Over 9-10 lakh sugarcane cutters, half of whom are women, play a significant role in the sweet success story of Maharashtra’s sugar industry. However, women sugarcane cutters’ contribution has been ignored for decades and they still fight to get recognition as sugar industry workers.
However, for the first time in history, unorganised women sugarcane cutters have joined hands to demand their rights, and recently organised ‘Women Sugarcane Cutters’ Conference’ in Beed district ahead of the 2022-23 sugarcane season. It was held by the Mahila Ustod Kamgar Sanghatana (Women Sugarcane Cutters’ Organisation).
“Women get nothing. We just work like machines and our entire life is crushed like sugarcane in mills,” says Ashwini Tonde, a sugarcane cutter from Soni Moha village in Beed. “I completed my fifth standard and started accompanying my parents for sugarcane cutting. At the age of 13, I was married and since then I have spent my life in fields,” she says, adding that she works like a bonded labourer.
Sugarcane cutters migrate from 13 districts of Maharashtra to other districts, mainly in western Maharashtra and other States like Karnataka during the six months (October to March) of the sugarcane cutting season.
Sugar mills assign the task of bringing sugarcane cutters to the contractors. These contractors in turn sign contracts with sugarcane cutters. A couple is considered as one unit while signing the contract, but the contract amount is paid to the man and not his wife.
The State government has issued a resolution to provide identity cards to sugarcane cutters, but these ID cards are in the name of male sugarcane cutter.
No to Hysterectomy surgeries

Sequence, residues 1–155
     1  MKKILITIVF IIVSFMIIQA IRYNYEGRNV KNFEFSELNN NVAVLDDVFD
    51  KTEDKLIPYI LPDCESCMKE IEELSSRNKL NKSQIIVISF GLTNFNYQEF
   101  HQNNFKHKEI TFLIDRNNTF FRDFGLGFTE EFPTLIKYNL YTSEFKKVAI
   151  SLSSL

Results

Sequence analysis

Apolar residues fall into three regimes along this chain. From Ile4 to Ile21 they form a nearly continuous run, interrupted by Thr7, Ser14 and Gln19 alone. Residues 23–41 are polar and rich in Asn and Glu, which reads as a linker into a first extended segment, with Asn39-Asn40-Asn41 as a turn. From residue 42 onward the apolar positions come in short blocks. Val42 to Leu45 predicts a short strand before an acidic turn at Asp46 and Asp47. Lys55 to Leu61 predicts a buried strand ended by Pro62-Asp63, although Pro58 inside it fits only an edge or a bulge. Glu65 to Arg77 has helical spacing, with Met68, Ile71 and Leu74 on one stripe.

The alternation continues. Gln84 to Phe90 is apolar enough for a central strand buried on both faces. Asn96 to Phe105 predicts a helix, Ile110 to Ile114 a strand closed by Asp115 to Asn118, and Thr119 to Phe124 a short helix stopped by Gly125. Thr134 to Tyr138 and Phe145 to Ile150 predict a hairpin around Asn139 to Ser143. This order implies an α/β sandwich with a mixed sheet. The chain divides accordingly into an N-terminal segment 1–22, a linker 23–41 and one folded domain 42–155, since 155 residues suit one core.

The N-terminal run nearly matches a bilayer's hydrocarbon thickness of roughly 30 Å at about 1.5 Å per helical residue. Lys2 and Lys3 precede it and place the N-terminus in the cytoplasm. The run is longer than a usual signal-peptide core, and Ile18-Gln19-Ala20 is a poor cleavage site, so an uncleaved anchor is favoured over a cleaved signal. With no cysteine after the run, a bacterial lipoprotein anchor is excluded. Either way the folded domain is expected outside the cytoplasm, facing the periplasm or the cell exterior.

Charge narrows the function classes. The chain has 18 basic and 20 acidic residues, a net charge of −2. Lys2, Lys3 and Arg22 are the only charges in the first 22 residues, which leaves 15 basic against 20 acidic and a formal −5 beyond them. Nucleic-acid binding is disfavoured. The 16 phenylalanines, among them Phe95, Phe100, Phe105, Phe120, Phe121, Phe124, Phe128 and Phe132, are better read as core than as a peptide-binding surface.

The sugar conference also discussed illegal and forced hysterectomy surgeries and sought action against those who have forced women to undergo it.
In April 2019, businessline published a story that cane-cutting contractors are unwilling to hire women who menstruate as they take a break and hence hysterectomies have become the norm. Sugarcane cutters have to pay a fine to the contractor if they take a break even for a day during the crushing season.
“We have died doing this work, our wombs were removed, and many of us went for sugarcane cutting the very next day after delivering a baby. But nobody has bothered. There are families where the fourth generation is now going for sugarcane cutting and still, we are not getting even basic rights,” said activist Manisha Tokle.
The conference approved various resolutions including legal status to the recommendations made by the State appointed committee on hysterectomy surgeries of sugarcane cutters, independent identity cards, social and legal security, etc.
The participating women insisted that the sugar which sweetens the lives of people has the fragrance of their hard work which must be recognised and acknowledged.